QUILL had students sharing emotions on VA Tech tragedy

By on April 25, 2007

Quinnipiac students came together in Mancheski to celebrate the art of poetry last Wednesday night. Timothy Dansdill, an English professor and a poet, ran the event. The poetry reading focused mainly on the Virginia Tech tragedy. Every student was encouraged to share their personal feelings about this catastrophe.

Many of Dansdill’s students came to read their poems and support Dansdill’s efforts to create an artistic outlet for Quinnipiac’s artists.

“I thought the poetry reading went really [well],” said Kelly O’Connell, a sophomore print journalism major and editor at The Chronicle. “It was nice to see students come together and do something different, something important.”

Sitting in a circle munching on brownies and cookies, the students were made to feel as comfortable as possible. In a community made up of people who are mostly away from their families, there was a sense of closeness and security.

Dansdill broke down the barriers of typical teacher-student decorum and spoke about things that are still considered taboo. He began reading a student’s note, who was taking a vow of silence for the day to represent the silence of many homosexual, bisexual and transgender people. Dansdill started to discuss “Lyric Life” and all that it stands for. He said “Lyric Life” is about accepting everyone and embracing differences.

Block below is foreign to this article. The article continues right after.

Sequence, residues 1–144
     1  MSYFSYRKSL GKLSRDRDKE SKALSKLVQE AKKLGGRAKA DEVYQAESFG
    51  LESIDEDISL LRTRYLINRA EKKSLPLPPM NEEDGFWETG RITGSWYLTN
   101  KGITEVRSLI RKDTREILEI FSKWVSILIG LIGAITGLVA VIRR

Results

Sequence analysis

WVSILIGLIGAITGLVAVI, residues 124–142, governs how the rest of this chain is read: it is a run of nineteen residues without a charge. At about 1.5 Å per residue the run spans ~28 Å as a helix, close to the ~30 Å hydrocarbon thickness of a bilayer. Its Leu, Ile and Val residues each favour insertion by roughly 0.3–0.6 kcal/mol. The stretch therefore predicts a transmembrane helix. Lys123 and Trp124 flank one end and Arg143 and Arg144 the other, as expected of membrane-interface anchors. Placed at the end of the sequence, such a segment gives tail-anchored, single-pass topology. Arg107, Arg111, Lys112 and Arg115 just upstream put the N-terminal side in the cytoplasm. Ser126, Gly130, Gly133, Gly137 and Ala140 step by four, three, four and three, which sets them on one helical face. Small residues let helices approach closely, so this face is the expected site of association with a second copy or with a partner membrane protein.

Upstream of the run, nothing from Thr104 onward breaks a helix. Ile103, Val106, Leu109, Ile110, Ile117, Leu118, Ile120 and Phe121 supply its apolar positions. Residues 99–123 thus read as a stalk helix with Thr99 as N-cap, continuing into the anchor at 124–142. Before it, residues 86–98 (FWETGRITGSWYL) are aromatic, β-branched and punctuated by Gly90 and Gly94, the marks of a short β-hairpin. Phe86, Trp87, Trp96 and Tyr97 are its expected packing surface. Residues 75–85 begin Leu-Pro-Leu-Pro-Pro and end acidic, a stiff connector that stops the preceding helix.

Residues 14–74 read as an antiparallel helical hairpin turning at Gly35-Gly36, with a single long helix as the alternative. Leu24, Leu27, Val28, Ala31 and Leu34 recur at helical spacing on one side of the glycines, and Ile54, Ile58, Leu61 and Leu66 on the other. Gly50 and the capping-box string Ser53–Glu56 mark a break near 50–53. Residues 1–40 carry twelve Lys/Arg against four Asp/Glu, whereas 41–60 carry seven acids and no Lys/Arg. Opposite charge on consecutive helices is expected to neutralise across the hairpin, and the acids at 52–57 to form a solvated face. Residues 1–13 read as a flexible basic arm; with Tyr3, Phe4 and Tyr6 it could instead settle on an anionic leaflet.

Students gathered to read their poems, to sing their songs and to speak their minds. Taronte Venable, a sophomore physical therapy major, performed a few of his songs at the event. Dansdill introduced himself to Taronte at a coffeehouse event earlier in the year and it inspired him to play another coffeehouse.

“It was something artistic toward what happened at Virginia Tech.something more meaningful than just standing in silence,” Venable said.

Dansdill and the students concluded that in times of tragedy, poetry readings are a great source to vent and express pent-up anger and sadness. Through song and poetry, the students express what they feel they can’t actually say.

“Singing was a second voice to me saying the things that I would not truly be able to say [otherwise],” Venable said.

With an events calendar filled with all sorts of activities, the students felt that the Quinnipiac calendar could use more coffeehouse-style poetry readings. Dansdill and the students hope to reach their goal of having the campus be more accepting of artistic expression.


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